October 2011

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The British Society for Literature and Science invites proposals for papers and panels to be delivered at its seventh annual conference, to be held at the English Faculty, University of Oxford, 12-14 April 2012. The deadline for receipt of proposals is Monday 5 December 2011; we anticipate that announcements about acceptances/rejections will be issued 9 January 2012.

Plenary speakers will include Professor Jonathan Sawday (St Louis University), author of The Body Emblazoned: Dissection and the Human Body in Renaissance Culture (1995) and Engines of the Imagination: Renaissance Culture and the Rise of the Machine (2007), among other works.

There is no theme for this year’s conference, and we hope to receive a wide range of proposals covering a wide range of historical periods. Those unfamiliar with the BSLS may wish to look at past conference programmes and at the short-listed titles in successive book-prize competitions. We would particularly welcome papers that reflect on the state of the field. This might include the state of the field in relation to particular kinds of literature and historical periods; the differences in critical practices in relation to different kinds and periods; differences between British, continental European, and North American approaches; forms of historicism; and the relation of literature and science to neighbouring fields, such as literature and medicine, ecocriticism, evocriticism and other forms of criticism inspired by evolutionary biology.

In addition to regular panels, we would like to hold a series of workshops on the state of the field. Possible topics are: poetry; fiction; drama; teaching literature and science; historicism; dialogues between practitioners in different historical periods. We seek short (ten-minute) position papers defending or criticising particular approaches, or raising larger questions. If you are interested in offering such a paper, please contact the conference organiser by Monday 21 November. Within the workshop segment we also hope to have panel or panels on teaching literature and science: again, if you wish to offer an account of your teaching practice, please contact the conference organiser.

Thanks to a generous donation, there will be a bursary of £150 awarded to a graduate student on the basis on the paper proposals. The student must be registered for a masters or doctoral degree on 9 January 2012.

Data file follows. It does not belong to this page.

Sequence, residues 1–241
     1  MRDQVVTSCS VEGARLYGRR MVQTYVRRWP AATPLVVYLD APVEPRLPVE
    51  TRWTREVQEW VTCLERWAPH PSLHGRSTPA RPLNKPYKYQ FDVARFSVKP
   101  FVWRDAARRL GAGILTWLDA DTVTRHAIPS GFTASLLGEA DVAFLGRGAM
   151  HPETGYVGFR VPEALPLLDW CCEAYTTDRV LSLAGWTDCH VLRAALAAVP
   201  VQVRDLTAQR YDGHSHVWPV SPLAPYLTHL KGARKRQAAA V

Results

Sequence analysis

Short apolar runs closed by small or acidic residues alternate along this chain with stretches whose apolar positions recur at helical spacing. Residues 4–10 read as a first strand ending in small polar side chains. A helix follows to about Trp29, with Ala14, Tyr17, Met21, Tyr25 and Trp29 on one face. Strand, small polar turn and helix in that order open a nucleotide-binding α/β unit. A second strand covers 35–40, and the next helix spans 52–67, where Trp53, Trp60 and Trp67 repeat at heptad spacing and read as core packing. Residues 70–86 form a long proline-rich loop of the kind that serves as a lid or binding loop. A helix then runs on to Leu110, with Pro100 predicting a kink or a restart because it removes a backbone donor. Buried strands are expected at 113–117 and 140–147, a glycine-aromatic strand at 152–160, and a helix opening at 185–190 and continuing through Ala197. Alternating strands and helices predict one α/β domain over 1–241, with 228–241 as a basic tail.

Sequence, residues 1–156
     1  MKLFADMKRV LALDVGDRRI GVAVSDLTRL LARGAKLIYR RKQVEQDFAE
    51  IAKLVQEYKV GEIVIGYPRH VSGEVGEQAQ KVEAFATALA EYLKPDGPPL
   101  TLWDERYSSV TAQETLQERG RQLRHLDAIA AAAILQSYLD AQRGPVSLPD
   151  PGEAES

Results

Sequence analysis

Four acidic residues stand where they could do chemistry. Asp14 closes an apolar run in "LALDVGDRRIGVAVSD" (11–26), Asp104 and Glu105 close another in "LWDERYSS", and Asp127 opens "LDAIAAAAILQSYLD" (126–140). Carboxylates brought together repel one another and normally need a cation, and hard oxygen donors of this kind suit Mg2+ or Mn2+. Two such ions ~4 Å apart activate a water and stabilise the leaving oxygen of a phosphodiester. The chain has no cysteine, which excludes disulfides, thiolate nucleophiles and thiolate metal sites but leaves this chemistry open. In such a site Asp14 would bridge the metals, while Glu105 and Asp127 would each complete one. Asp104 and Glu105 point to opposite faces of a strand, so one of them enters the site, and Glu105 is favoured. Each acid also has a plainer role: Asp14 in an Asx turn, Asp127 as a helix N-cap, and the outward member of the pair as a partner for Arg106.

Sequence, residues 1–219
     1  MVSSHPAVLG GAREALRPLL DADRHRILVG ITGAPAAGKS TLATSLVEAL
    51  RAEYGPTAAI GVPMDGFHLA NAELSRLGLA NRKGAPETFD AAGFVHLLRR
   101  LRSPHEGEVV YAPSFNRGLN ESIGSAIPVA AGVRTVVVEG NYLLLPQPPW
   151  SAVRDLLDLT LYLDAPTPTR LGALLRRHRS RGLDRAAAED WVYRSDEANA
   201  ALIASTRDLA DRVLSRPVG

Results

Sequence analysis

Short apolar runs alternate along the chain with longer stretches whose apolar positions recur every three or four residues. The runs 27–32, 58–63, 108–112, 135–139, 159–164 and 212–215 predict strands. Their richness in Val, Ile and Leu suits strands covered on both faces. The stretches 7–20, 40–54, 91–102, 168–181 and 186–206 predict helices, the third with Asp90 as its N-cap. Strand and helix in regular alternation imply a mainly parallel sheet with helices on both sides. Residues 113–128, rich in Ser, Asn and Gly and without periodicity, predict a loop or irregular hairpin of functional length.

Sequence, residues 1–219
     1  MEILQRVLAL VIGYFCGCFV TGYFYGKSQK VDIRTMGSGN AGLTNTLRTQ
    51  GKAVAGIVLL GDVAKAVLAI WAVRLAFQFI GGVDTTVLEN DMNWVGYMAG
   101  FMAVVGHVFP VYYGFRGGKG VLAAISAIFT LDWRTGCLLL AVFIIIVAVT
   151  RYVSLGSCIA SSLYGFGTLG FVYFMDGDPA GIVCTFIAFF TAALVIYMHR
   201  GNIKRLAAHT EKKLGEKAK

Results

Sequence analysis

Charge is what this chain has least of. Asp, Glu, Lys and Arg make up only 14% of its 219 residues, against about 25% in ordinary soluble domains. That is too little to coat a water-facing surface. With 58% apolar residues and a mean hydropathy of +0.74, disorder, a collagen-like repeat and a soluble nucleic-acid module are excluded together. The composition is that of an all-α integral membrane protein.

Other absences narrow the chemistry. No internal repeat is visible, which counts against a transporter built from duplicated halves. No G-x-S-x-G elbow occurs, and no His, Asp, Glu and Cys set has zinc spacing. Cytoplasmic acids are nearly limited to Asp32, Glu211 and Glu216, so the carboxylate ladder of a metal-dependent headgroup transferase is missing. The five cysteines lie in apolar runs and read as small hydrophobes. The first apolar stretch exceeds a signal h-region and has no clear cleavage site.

Proposals for papers of 15-20 minutes, and for panels, should be sent in the body of the email text (no attachments, please), to bsls.2012@yahoo.co.uk. They should consist of: the title; a proposal of no more than 300 words; the title again; the name, postal address, and email address of the proposer; and, if you are applying for the graduate student bursary, the email address of your supervisor or other person who will be able to confirm that you are a registered student.

Accommodation: please note that those attending will need to make their own arrangements for accommodation. As in previous years, we anticipate that the conference will begin at about 1pm on the first day and conclude at about 2pm on the last.

Membership: in order to attend the conference, you must be a paid-up member of the BSLS for 2012. We anticipate that it will be possible to pay the £10 annual membership fee when paying the conference fee online.

Proposals and other enquiries should be sent to the conference organizer, Dr Michael Whitworth, on bsls.2012@yahoo.co.uk.

Society of Literature, Science and the Arts Europe

Exhibition Road Cultural Group London

Supersonix Conference

Exhibition Road

London SW7

21 to 23 June 2012




A partnership between Exhibition Road Cultural Group and SLSA EU the Supersonix conference will present new theoretical, scientific and artistic works and experiments that explore the complexity of sound, thinking about sound, and capturing sound. The conference is intended for practitioners from the arts, curatorial studies, the sciences, humanities and social sciences interested in an interdisciplinary approach to the study of sound and sonification.

Call for Papers